You could also try submitting a URL removal request in your Webmaster tools account but that didn’t seem to work for me for individual posts.

The above plugin is great though. It not only lets you add manually which posts you want to serve 410 error for but also it shows you which urls recently generated a 404 error on your domain, so you can add them to the list of obsolete urls with a push of a button.

You need to be careful though. Do not just blindly select all of them because some urls might have operators attached to them and actually exist on your site.

Step 2 – Get rid of duplicate content issues

Believe it or not your WordPress blog generates duplicate pages that might be pulling your entire site down in search results.

I used to let Google crawl my sub-pages (pages that are linked to from the homepage to previous posts). The problem with them is that they use the same title and description as your homepage, well that’s what was happening here on my blog at least.

The only difference is that it adds “Page 2, Page 3…” to the titles. I can see how that’s causing a problem and Google actually tells you about these issues in your Webmaster Tools account. I never really paid attention to it but now I do.

So to tackle that problem I simply went into my Thesis Site Options dashboard and added “noindex,nofollow” to meta tags for all subpages.

I have also added it to tags, archives, and category pages – except category pages I left “dofollow”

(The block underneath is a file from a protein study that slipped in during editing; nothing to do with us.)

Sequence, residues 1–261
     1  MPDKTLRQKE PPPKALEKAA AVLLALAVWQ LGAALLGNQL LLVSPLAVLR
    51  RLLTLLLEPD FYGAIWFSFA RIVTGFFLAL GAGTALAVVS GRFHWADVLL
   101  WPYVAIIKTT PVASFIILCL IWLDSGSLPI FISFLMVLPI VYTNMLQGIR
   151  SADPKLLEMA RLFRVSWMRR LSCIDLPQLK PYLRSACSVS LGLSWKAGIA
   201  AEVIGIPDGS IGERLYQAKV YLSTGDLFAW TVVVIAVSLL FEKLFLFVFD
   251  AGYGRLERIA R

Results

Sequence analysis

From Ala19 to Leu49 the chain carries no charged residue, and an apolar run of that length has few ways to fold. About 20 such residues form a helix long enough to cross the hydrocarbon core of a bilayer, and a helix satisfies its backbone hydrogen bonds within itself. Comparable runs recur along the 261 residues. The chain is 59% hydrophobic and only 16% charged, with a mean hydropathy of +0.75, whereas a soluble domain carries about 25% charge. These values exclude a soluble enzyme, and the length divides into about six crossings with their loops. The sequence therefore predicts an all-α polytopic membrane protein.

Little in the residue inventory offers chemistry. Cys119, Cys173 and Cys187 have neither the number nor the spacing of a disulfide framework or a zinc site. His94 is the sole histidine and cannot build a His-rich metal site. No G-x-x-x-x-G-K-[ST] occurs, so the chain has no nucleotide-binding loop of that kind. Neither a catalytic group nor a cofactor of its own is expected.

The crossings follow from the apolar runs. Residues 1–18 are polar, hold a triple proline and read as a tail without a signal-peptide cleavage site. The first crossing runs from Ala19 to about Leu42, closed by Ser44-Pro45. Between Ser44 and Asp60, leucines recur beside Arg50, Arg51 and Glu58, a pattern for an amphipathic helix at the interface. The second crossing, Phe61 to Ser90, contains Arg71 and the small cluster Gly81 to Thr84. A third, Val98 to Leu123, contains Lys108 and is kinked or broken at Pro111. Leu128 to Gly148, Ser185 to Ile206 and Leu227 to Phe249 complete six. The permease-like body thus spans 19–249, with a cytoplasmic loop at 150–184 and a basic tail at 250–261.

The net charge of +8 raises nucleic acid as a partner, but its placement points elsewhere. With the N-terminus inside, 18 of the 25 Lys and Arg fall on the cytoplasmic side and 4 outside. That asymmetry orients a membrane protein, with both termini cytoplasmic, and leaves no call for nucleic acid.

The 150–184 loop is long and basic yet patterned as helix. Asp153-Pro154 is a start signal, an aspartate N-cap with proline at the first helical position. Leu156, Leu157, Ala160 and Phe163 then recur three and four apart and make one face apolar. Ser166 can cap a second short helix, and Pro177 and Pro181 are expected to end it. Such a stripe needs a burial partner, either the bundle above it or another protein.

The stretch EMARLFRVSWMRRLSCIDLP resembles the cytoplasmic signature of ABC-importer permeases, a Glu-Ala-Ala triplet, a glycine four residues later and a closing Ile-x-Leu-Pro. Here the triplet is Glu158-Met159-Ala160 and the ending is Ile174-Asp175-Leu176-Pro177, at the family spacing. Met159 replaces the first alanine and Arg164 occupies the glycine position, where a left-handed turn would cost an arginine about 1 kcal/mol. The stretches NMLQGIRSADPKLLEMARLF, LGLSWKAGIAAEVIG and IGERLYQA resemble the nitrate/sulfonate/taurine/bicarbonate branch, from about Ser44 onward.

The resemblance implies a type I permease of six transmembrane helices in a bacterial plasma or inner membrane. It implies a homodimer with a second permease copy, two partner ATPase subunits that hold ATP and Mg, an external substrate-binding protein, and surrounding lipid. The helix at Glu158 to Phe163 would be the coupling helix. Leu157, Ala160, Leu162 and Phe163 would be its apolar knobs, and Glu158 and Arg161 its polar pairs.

My current set up now looks like this:

Another issue I had with my blog’s sub-pages is that spam bots were generating urls with operators such as:

?refer=somespam.com

?refsite=somespam.com

?referencement=somespam.com

Then Google would index them even though I was using canonical urls on them. I wanted them removed quickly so to do that I disallowed Google to crawl that entire directory through my robots.txt file and requested a directory removal through Google Webmaster tools.

To do that you need to click on “Remove Urls” under Optimization tab in your account and then follow these steps:

1. Click on “Create a new removal request”.

2. Enter the full url of the directory you want removed (in my case it was “page”).

3. Select “Remove directory” from the drop down menu and submit request.

Important: Make sure to block Googlebot from crawling that folder in robots.txt file before submitting the request.

After you hit “Submit Request” it will take no longer than 24 hours for them to remove it from search results 🙂

Ok, so now we have removed the spam urls generated by spam bots and the entire folder to avoid duplicate content issues in the future. Nice!

Step 3 – Get rid of keywords in meta tags and remove tag pages (overoptimization issues).

Adding keywords to meta tags used to work back in the day, but now it may actually hurt you so I tried to go through as many posts as I could find that had keywords added to meta tags. I stopped using keywords long time ago but I knew I had some posts from years ago that had them.

Another thing I did was I removed tag pages completely from my blog. Again, they were also causing duplicate content issues so they needed to go. Plus if you use tags nowadays it makes you look like you are doing keywords stuffing.

I removed all of them by going into my WP dashboard under “Tags” and also made sure that Googlebot would see a 410 error when it tries to crawl them again next time.

I didn’t have to submit a removal request for tag directory because I already had them marked as (noindex,nofollow) but I just didn’t want them to appear on my posts at all.

Step 4 – Make sure your homepage is not over-optimized

My blog’s homepage was in fact overoptimized in my opinion. I used to have a lot more static content there with my main keywords within h1 tags 🙂